How Augusta Health’s Early Alert System for Sepsis is Saving Lives—and Cutting Costs

Oct. 8, 2019
Leaders at the Virginia-based organization internally built a warning system that has reduced the hospital’s sepsis mortality rate to 4.76 percent

Each year, at least 1.7 million adults in America develop sepsis and nearly 270,000—or 16 percent of people with sepsis—die as a result, according to the Centers for Disease Control and Prevention. What’s more, the Agency for Healthcare Research and Quality (AHRQ) lists sepsis as the most expensive condition treated in U.S. hospitals, as people with sepsis are two to three times more likely to be readmitted to the hospital than people with many other conditions, including heart failure, pneumonia, and chronic obstructive pulmonary disease. And, readmissions due to sepsis are also more expensive than readmissions due to any of these other conditions.

Given all of this, hospitals and health systems are supremely motivated to lower their sepsis mortality rates—and to do so quickly. In Virginia, the statewide sepsis mortality rate in Virginia is 12.7 percent, but provider executives know that even that figure isn’t nearly low enough. At Augusta Health, an independent, community-owned hospital in Fishersville, Va., clinical and business leaders knew they had to take swift action.

Knowing that there are four traditional criteria to identify developing sepsis—a temperature greater than 38°C, a heart rate greater than 90, a respiratory rate greater than 20 and an abnormal white blood cell count—as well as factoring in that early detection of sepsis is critical to decreasing mortality, Augusta Health took to internally developing a sepsis team and taskforce to identify ways to improve the outcomes for patients with sepsis.

“In general, we just wanted to take advantage of artificial intelligence [AI] capabilities to improve the health of our patients. The clinical area was a great place to start. Of course, sepsis isn’t a new thing, but in healthcare there are certain conditions that come to light and more emphasis is placed on them,” says Penny Cooper, a data scientist at Augusta Health.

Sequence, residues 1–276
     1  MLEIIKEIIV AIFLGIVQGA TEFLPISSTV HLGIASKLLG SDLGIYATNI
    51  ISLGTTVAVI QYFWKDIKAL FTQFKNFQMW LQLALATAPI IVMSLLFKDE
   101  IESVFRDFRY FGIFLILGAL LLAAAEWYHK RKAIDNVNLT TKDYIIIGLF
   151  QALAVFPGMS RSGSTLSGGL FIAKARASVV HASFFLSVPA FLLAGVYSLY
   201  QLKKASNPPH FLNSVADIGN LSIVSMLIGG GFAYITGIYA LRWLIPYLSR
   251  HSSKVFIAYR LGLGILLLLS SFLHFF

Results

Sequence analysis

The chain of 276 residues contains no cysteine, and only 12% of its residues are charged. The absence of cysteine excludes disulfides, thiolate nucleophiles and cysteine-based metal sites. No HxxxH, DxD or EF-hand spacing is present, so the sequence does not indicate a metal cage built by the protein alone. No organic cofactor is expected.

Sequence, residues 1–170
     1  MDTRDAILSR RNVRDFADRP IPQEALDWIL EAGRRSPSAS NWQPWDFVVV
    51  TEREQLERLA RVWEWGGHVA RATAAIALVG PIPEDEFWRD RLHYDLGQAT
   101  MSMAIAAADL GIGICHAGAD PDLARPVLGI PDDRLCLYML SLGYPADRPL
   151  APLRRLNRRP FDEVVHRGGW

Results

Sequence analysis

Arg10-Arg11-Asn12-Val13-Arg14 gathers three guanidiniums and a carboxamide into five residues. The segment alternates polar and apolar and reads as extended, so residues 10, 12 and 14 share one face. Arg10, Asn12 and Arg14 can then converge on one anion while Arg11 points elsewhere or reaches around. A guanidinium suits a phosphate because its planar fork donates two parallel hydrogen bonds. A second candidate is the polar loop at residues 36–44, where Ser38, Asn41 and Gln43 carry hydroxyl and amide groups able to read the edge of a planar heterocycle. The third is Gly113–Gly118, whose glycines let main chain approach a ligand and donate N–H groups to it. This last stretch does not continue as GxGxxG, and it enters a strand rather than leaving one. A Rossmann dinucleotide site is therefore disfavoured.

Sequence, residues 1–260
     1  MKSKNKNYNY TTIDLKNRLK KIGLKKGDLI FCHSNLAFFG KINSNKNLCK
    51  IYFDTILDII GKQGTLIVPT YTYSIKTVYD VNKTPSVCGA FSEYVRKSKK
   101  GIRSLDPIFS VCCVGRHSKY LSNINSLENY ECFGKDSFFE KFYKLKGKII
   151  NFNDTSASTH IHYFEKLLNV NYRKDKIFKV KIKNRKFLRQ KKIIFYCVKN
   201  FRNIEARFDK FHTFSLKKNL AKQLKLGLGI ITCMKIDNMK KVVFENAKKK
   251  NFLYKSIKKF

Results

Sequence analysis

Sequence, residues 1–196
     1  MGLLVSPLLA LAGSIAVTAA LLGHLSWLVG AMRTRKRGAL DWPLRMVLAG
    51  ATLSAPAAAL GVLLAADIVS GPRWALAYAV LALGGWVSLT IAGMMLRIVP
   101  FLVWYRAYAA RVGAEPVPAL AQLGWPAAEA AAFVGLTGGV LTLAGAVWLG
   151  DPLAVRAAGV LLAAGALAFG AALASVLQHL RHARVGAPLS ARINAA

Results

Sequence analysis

The task force group began with a retrospective study of the data, which Cooper then used to develop an automated process that takes live data from medical systems each hour—inclusive of EHR information and other essential vital data—analyzes and compiles the data, and then assigns each patient a score. If the score is above a specific threshold, an alert is sent through a communication system from Vocera to the staff caring for that patient. The staff then can immediately go to the patient, screens for sepsis, and if identified, begins early intervention, according to hospital officials.

What’s more, Augusta Health has been using a nurse call system from Rauland, which aligns patient beds with specific nurses.  When the patient is alerted for sepsis screening the nurse assigned to that patient gets an alert on his or her Vocera badge.

Through this process, August Health has gotten its sepsis mortality rate down to 4.76 percent, and officials attest that 282 lives have been saved by early intervention. "And that is just in this community,” Cooper notes, explaining that the figure is determined by subtracting the actual mortality rate from the expected rate. The early alert system earned Augusta the 2018 Health Quality Innovator recognition for Virginia.

Cooper does believe that the process is scalable for other organizations across the U.S. that are looking to do innovative work in this area.

“If you break down the process itself, we are doing data extractions from the Rauland bed system for identifying  patients, and that bed system is fed by HL7 messaging, which is the same patient identification that’s in our EHR,” explains Cooper. “So we extract that data, we extract the clinical data based on the latest vital information, we do the analysis in the background, and then we assign variables to the patients, to the charge nurse, and to the attending nurse. Based on those variables, the Vocera alerts go out. When you break it down, it is simplistic in nature. We had the curiosity and the talent in-house to get this done,” she contends.

Cooper further notes that by developing the alert system internally—rather than leveraging external products from vendors that often require consulting help, and which can be pricey—the data science team inside August Health was able to the bring it all together and implement it quickly and efficiently. “Some things can be improved upon, sure, but the numbers of live saves speaks for itself. This is working,” Cooper says.

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